Vlpnrl f rvr mnrlrot anA Viotra. tint rtn AO
cific Northwest Surplus Wheat to pounds to hog in the t 30
days. Ira' now engaged in hauling
grain from Morrow county to top
The hogs are not uppity about the
manner of feeding the squash. All
they ask for is a chance to get a!t
the big vegetables. There is no need
of letting surplus squash go to waste,
according to Bleakman, who says
the crop is worth around $5 a ton
are in the garden.
2. "Cultural Practices for a Per
manent Agriculture in the Colum
3. "Trends in American Agricul
ture as Affected by National Ad
4. "World Wheat Economics."
5. "Plans for Distribution of Bon
Local committees at Condon
preparing for the biggest attendance
in history and they have given as- Complete, Exclusive, Uncensored:
surance that adequate accommoda- THE BATTLE FLEETS OF ENG
tions, both for housing and for LAND in the latest issue of "The
handling the annual banquet on Fri- March of Time" at the Star Theater
Slated by Elks
Complete schedule of fall and
winter dances to be held at the Elks
hall was released this week by
Thomas J. Wells, chairman of the
lodge entertainment committee.
First of the series will be held Sat
urday evening, the 28th, just pre
ceding Hallowe'en, a lodge invita
Other invitation dances include
Thursday, Nov. 23, Thanksgiving;
Saturday, Dec. 9; Monday, Dec. 25,
Christmas; Saturday, Dec. 30, New
Years; Saturday, Jan. 13, and Sat
urday, Feb. 10. The annual Wash
ington Birthday ball for Elks and
ladies only will be held the evening
of Thursday, Feb. 22. Saturday,
November 11, has been reserved or
the American Legion's Armistkfr
Day dance to which the public is
The vital role the British Navy is
playing today in the defense of Eng
lang and in the strategy of the Al
lies in their war against Nazi Ger
many may be seen in THE BATTLE
FLEETS OF ENGLAND, latest is
sue of "The March of Time" Star
Theater Tuesday, October 24th.
Mr. and Mrs. Milton Spurlock vis
ited Heppner relatvies and friends
Sunday from their home near Ukiah.
day night, will be provided.
New Directors Named
For G razing District
A new advisory board for Grazing
District No. 7, consisting of John
Krebs, Jack Hynd, Chas. Bartholo
mew, L. D. Neill and Wm. Kilkenny,
was elected at the courthouse yes
terday with 13 eligible licensees
According to a new amendment to
the Taylor Grazing act, advisory
board members are to serve for a
period of three years. At the pre
sent time Krebs will serve for one
year, Hynd and Bartholomew for
two years, and Neill and Kilkenny
for three years.
Morrow County Grazing associa
tion met after the election and nam
ed Jack Hynd as director for the
ensuing five-year period.
County Wheat, Wool
Rank High at P. I.
Morrow county wool and wheat
were both in the running at the Pa
cific International last week when
Tad Miller placed first and second
in the fine wool class with two of his
fleeces and Don Peck placed third in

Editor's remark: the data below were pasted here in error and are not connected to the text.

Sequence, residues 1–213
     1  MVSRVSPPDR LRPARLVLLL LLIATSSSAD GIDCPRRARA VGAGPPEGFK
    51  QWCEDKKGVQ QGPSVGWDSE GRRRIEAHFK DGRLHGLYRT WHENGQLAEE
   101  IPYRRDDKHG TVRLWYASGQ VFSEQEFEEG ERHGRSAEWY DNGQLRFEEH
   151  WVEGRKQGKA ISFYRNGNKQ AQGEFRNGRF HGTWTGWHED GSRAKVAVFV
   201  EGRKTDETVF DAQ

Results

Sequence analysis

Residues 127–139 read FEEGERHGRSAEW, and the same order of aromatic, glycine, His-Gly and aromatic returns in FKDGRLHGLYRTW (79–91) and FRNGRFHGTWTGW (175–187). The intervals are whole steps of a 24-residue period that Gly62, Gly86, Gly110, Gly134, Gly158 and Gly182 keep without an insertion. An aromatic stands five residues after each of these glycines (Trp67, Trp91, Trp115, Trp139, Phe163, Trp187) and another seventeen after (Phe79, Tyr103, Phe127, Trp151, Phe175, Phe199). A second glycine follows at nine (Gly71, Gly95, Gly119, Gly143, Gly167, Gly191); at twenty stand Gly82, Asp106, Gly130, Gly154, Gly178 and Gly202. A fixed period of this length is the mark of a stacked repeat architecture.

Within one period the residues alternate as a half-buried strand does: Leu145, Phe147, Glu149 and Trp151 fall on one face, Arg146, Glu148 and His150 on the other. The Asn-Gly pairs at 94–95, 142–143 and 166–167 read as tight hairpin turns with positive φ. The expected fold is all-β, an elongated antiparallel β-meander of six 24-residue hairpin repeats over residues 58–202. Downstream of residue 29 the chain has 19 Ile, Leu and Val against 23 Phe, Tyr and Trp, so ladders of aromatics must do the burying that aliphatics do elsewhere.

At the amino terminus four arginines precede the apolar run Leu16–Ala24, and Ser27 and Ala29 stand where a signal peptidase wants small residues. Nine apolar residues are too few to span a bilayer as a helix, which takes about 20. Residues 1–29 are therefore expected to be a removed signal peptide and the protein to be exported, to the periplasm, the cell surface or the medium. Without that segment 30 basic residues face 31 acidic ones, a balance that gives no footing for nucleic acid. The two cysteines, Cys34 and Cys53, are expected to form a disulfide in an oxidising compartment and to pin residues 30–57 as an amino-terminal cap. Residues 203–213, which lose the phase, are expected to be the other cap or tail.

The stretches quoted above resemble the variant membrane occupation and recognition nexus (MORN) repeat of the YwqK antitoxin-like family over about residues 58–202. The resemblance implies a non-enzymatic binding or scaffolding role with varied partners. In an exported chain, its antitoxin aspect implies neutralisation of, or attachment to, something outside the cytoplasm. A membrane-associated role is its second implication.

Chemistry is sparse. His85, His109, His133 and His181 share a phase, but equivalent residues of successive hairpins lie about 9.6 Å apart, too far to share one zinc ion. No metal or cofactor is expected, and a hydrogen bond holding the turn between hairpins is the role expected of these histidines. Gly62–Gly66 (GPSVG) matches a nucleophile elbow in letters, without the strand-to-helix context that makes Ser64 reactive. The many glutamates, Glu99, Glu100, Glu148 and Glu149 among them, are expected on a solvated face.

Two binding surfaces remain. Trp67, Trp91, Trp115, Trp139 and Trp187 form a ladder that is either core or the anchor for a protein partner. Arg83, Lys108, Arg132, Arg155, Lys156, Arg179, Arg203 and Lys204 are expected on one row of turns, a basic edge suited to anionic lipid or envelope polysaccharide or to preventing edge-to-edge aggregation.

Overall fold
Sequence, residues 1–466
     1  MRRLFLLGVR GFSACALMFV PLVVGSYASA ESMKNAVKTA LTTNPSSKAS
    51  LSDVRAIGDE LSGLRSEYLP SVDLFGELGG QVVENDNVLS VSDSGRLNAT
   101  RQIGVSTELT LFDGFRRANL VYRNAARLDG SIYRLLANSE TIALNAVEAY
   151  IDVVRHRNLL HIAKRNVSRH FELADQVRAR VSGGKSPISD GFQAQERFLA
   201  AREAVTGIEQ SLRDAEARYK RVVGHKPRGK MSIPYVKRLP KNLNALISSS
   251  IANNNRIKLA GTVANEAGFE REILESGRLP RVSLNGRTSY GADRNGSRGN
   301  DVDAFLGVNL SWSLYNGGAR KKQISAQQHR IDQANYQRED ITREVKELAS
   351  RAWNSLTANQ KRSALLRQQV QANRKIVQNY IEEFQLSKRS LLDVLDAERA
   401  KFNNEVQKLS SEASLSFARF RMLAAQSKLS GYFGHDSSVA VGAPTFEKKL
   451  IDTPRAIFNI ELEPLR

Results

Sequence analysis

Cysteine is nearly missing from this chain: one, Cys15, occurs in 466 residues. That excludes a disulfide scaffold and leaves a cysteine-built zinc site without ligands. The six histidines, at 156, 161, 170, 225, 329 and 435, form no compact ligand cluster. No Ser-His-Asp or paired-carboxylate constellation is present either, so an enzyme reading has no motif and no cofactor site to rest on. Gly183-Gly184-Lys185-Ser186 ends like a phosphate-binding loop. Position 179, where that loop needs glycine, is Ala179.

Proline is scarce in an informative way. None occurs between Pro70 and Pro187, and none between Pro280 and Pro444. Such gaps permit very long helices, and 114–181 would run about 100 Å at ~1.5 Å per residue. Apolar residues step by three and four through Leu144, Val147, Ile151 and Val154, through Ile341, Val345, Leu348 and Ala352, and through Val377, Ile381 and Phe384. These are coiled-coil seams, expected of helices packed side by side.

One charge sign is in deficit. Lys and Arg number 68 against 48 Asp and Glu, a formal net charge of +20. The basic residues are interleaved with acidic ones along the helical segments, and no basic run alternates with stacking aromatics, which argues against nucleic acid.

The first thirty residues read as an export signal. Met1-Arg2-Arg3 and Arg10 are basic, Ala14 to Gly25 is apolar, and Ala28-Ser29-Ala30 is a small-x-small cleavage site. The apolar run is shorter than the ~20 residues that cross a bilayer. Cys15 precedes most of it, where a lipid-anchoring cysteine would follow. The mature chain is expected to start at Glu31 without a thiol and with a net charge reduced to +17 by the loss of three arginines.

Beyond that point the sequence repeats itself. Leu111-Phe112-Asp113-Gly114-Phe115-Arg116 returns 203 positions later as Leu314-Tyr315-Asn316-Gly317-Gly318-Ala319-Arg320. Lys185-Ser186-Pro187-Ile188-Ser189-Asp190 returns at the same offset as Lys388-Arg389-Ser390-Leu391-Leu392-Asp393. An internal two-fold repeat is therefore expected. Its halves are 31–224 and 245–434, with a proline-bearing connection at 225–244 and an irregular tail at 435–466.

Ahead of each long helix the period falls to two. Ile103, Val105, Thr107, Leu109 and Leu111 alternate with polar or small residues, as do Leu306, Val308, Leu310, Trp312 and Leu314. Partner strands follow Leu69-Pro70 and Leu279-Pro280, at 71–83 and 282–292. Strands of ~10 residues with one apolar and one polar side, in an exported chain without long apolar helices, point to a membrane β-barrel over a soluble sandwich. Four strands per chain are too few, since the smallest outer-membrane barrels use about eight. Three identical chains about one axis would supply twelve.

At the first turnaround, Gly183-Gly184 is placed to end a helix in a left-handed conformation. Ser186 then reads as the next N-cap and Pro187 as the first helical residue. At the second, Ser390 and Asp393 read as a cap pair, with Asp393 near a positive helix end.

the same class. Ben Anderson won
third with his Rex wheat, James
McCabe placed fifth and Julian
Rauch seventh in the same class. Lee
Beckner won third on his Baart. H.
D. Green placed sixth, A. H. Berg
strom eighth in the Federation class
and Julian Rauch placed sixth with
his Turkey Red.
According to C. D. Conrad, coun
ty agent, there were a large number
of wheat exhibits, which were all of
good quality, and the 4-H wool show
was especially good.
on Tuesday, October 24th.
Get results with G. T. want ads.
of all kinds
Fresh from the Sea
LUNCH COUNTER SERVICE
Contributions Taken for
CHINESE RELIEF SOCIETY
and Official Receipt Given
MEALS AT ALL HOURS
ED CIHNN, Prop.
CARD OF THANKS
We extend, our heartfelt thanks
and appreciation to the kind neigh
bors and friends for the assistance
and expressions of sympathy at thi
time of bereavement of Mrs. Sarah.
EXTRA! EXTRA EXTRA!
SAFE WAY'S CANNED
FOOD SALE HELD OVER!
BECAUSE of popular demand we are continuing our
" annual Canned Food Sale until Saturday, October
21. The money saving prices that were advertised last
week are still effective for Friday & Saturday, Oct.
20 & 21. Be sure to shop your neighborhood Safeway
store for extra savings.
BIG COFFEE CARNIVAL
ASK FOR EDWARDS.
notice its deep, longlasting
ilavor. We are proud to rec
ommend Edwards it is one
of the world's finest blends
O 2-lb. Tin ... .. 43c
O Mb. Tin .. ... 22c
AIRWAY m NOB HILL
The aristocrat of thrif
ty coffees saves real
3 Lbs. 35c
Finest coffee many can
buy yet a money
saver in its paper bag.
2 Lbs. 35c
Fl fll ID Harvest Blossom .. Per Sk. $1.09
I LWUIv Kitchen Craft ... ... Per Sk. $1.35
M il Tall Federal
3 tins 19c
STRING BEANS 3l 23c
PEAS Brand, 303 tins 3 TINS 23C
CHOCOLATES, V2 lb tin 69c
Dorothy Duncan Extra Fancy
SCOTT TISSUE, large rolls, 2 for 15c
FRUIT MIX, Radiant brand .... Lb. 35c
SYRUP, Lumber Jack 5 lb. tin 49c
CURRANTS, Sunmaid 2 Pkgs. 25c
SUPURB Gran. Soap .... Lge. Pkg. 17c
VANILLA, Westag .... 8 oz. bottle 15c
DATES, Monogram i2 lb. pkg. 23c
CORN BEEF, Cudhay's, 12 oz. tin 19c
COCOANUT MACAROONS .. Lb. 23c
GRAPEFRUIT, Highway .... Each 10c
No. 2 tins
TOMATOES, Highway No. 22 tins 10c
0 1 VVIIUIIIUIIU
c I uxtra ranrv Dark in.
pies SPECIAL QAA
gjjf Also ROMES and DELICIOUS
S5 FRI.-SAT. ONLY
LETTUCE, Jumbo heads Each 5c
SPINACH, green and crisp Per Lb. 2c
BUNCH VEGETABLES ... 2. .. Bunches 5c
SWEET SPUDS, Jerseys 6 lbs. 29c
GRAPEFRUIT, seedless Per Doz. 45c
PICNICS1 stocking netted LB.